NP: Aren't we a bunch of fuckwits? An elephant could no more get its trunk up its arse than we could lick our balls.
The Late Show With David Letterman had a segment called "Late Show Unfair Edit" in which they would splice together words from a politician's speech or interview to make it appear that they said something stupid.
Happens to Bette in The L Word. When ambushed by Faye Buckley about a controversial exhibit at her museum, Bette defends it, but her words are later mined to make it sound like an admission that she and the exhibit are perverted.
Happens to GOB in Arrested Development when he is accused of killing an old man who went missing. He tells the reporters who accost him, "Don't edit this for your broadcast so it looks like I'm screaming, 'I killed Earl Milford!'" Needless to say, those last four words were all the reporters needed.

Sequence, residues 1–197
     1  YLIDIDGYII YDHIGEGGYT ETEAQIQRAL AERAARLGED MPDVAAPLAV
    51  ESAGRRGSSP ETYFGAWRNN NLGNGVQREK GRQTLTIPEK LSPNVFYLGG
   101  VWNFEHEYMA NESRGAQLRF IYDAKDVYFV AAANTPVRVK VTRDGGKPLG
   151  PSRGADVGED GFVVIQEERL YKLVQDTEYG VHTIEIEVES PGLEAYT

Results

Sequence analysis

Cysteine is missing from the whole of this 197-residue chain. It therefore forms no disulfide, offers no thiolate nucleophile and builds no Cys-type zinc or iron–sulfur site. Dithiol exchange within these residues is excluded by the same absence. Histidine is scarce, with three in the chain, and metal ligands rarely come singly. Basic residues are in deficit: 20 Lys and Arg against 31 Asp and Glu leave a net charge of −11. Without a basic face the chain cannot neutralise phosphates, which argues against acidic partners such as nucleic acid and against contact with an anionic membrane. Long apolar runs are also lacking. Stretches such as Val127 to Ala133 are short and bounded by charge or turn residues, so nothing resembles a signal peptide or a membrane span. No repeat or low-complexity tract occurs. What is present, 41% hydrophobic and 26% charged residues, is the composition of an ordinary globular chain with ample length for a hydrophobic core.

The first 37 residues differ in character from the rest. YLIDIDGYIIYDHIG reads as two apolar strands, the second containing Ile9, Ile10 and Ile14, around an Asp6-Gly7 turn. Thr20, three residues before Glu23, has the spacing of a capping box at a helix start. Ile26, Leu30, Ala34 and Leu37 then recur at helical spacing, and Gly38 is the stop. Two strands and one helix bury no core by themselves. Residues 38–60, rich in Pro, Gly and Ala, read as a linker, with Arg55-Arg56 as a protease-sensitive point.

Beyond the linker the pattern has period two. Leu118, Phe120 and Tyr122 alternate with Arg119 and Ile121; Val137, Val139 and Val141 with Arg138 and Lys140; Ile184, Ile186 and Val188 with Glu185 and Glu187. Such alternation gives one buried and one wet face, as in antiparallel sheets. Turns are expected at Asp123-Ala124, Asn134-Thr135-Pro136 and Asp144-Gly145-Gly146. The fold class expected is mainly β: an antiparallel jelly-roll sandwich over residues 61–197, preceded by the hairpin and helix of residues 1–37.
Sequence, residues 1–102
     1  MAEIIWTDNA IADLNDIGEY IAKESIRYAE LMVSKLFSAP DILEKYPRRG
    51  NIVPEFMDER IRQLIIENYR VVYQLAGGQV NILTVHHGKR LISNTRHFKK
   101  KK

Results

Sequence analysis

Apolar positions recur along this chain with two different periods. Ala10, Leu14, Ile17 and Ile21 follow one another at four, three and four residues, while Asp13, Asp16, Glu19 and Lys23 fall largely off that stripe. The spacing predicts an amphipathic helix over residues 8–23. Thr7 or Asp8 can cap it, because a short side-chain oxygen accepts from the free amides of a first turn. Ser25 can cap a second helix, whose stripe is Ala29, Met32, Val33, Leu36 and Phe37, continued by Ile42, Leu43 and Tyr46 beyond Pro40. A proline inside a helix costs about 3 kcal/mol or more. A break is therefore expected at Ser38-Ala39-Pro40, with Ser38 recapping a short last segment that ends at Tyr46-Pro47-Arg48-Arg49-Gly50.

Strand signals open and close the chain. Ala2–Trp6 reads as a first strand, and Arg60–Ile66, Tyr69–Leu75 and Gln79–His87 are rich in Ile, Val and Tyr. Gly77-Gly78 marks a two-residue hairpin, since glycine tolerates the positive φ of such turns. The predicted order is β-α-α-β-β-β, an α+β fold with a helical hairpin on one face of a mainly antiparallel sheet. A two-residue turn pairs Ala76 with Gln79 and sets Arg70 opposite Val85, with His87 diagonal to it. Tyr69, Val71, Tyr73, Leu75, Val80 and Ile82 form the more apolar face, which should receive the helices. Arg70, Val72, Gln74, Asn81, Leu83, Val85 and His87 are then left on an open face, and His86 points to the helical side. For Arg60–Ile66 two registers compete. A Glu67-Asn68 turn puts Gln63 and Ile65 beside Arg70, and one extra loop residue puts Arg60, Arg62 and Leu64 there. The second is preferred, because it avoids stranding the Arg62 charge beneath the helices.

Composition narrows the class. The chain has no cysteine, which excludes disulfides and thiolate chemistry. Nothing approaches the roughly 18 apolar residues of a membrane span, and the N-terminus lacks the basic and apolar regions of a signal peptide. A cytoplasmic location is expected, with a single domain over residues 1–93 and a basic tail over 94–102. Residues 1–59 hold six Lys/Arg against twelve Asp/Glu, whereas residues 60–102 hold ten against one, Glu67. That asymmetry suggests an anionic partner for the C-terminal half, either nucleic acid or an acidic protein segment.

In the episode "Eric's Birthday", when Laurie is asking Eric to borrow his car, and Kelso hears it as she was coming onto him. The thing is, Kelso's "interpretation" is practically a Youtube Poop, it's so mangled.
Eric: Aren't you a little cold?
Laurie: No, in fact I'm hot. Besides, it's not like I'm completely naked under this.
Eric: Okay, but I need a favor.
Laurie: For you? I don't think so.
Eric: I'll let you borrow the Vista Cruiser.
Laurie: All night.
Eric: All night?! ... Fine. Just tell Mom that I'm too old for surprise parties.
Laurie: But you're the baby, and Mommy loves her baby.
Laurie: I'm hot for you, Kelso. I'm completely naked under this. I want you, all night. And Mommy loves her baby.
In the episode "Jackie Bags Hyde", when Jackie wants a date with Hyde:
Hyde: I told you again and again, that I have no interest in you, and you don't have a chance! And yet, you keep thinking that I have interest in you, and you have a chance!
Jackie: Wait. Did you just say that you're interested in me and I have a chance?